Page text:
A: Well, as journalists, we’ve been so bad at predicting the future, which has gotten a lot of news organizations into the mess that we’ve been in at times. I’m just not very good at prophecy, you know. Having formats that are going to translate well to tablets and mobile devices is going to be imperative from a content standpoint, and I think that news organizations have to find ways to become successful as some of the web-only kind media is. Whether we’re talking Yahoo or Facebook, their advertising models are generating revenue because professional newspapers can’t sell advertising on the web. We’ve so far not captured the same formula as others, and that’s totally outside of my area. My responsibility is to create the content, but, boy, if we don’t sell the advertising, you know, I’m probably going to be working the Monday night bartending shift at the Zoo or something like that, you know. It’s a real issue. The Star Tribune has been more successful than most in terms of selling web advertising, but we still need to become more successful. We need to do better than we’ve been doing, I think any industry expert would tell you that.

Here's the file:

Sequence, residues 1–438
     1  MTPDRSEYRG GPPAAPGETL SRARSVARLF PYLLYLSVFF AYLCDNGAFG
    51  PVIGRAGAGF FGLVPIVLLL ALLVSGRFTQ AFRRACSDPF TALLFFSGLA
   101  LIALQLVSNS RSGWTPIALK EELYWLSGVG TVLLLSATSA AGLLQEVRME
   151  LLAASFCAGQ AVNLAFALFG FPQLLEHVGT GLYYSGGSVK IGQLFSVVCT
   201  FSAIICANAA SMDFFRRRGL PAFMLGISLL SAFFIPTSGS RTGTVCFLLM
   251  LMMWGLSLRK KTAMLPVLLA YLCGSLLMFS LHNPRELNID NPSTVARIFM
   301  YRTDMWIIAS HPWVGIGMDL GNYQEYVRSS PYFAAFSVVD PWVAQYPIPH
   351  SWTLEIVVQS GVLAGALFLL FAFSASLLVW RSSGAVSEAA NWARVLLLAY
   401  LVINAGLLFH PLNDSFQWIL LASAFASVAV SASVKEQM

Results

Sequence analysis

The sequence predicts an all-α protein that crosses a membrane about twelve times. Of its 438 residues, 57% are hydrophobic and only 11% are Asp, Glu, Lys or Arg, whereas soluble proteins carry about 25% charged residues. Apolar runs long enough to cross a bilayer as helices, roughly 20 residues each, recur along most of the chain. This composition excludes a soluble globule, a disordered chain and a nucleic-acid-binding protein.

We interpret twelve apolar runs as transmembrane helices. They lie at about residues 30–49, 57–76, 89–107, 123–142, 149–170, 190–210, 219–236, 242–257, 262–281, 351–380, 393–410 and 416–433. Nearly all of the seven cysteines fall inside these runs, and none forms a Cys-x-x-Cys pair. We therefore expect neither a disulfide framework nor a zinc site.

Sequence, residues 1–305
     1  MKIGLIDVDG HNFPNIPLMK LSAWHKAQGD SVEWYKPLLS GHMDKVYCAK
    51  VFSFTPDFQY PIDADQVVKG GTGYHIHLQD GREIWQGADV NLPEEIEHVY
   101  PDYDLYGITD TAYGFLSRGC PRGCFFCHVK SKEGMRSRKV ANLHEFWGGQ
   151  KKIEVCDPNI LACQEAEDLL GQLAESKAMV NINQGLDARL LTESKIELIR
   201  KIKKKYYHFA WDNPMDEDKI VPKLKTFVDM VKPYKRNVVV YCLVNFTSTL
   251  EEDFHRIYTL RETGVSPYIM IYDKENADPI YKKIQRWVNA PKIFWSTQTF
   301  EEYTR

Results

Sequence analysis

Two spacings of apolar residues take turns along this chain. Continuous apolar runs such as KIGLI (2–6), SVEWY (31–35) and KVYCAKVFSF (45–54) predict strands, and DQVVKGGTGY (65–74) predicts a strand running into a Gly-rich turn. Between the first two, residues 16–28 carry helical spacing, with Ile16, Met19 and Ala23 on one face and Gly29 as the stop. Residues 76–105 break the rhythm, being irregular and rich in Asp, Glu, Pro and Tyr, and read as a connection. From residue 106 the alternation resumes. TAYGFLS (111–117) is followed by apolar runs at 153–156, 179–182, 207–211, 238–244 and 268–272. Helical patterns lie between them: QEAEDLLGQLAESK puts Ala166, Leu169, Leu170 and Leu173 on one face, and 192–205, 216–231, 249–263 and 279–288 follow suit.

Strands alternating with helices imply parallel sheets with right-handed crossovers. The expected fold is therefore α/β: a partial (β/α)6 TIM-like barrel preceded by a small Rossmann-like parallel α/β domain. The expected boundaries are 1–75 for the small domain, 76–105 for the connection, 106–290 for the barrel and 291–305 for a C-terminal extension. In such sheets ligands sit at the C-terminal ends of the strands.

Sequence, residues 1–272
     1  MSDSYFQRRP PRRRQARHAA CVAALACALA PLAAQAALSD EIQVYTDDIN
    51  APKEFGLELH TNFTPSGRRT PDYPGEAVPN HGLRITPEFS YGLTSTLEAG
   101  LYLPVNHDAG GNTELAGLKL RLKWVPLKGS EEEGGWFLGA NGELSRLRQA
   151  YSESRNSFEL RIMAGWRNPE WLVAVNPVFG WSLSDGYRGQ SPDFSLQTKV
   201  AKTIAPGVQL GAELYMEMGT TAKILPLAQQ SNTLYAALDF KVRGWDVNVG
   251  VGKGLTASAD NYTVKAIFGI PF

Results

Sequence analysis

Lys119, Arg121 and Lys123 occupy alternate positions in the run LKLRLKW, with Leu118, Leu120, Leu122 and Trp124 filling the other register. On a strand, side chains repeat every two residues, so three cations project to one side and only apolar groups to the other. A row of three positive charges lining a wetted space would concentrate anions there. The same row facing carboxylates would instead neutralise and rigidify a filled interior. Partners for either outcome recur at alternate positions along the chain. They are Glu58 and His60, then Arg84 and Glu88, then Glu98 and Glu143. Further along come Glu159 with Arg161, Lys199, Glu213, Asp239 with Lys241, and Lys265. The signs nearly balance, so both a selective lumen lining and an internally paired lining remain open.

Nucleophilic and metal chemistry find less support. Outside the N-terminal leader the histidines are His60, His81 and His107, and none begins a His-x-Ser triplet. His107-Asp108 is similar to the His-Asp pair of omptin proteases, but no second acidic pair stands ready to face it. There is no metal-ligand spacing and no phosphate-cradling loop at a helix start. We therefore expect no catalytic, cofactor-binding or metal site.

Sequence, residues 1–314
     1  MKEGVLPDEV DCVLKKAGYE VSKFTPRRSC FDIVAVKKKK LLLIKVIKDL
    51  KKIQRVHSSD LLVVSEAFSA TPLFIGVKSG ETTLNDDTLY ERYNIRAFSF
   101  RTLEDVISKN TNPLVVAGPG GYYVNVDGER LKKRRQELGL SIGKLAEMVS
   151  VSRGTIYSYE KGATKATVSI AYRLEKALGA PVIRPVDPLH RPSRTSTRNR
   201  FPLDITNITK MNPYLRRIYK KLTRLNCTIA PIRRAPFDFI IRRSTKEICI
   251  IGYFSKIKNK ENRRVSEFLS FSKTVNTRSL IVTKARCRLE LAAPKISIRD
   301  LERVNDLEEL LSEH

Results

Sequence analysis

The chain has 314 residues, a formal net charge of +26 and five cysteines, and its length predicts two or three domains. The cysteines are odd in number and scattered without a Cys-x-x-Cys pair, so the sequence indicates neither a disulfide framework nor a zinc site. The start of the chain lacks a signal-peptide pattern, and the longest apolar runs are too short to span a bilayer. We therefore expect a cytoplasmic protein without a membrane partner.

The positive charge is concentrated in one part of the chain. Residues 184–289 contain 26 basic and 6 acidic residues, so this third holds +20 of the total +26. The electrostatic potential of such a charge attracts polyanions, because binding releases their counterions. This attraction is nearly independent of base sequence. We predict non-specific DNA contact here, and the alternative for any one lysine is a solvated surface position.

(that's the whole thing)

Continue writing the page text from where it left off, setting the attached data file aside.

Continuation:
Q: With the nature of the changing industry in mind, what advice would you offer journalism students?

A: Well, I would say have a blog where somebody will see your work. You can say here are a dozen samples of what I’ve done. I would tell them to have a passion for things to write about, whether it’s religion or movies or sports or politics. I would tell them to definately be fluent in a second language. Journalism, when I started out in college, was very specialized, you know. You were a reporter or you were a photographer or you were a copy editor. Now if you’re going to become a journalist, you had better know how to shoot video, you had better be in-depth about blogging, and you had better be able to multitask, because nothing is linear anymore. It’s a larger skill set. You might not have to be as good at everything as you were. Today, if you were maybe 80 percent as good a writer, plus you had the reporting skills and the video skills and the Internet skills and web research skills, then you’ve got a pretty good package to sell to a potential employer, whether its a traditional news organization, or it’s web only.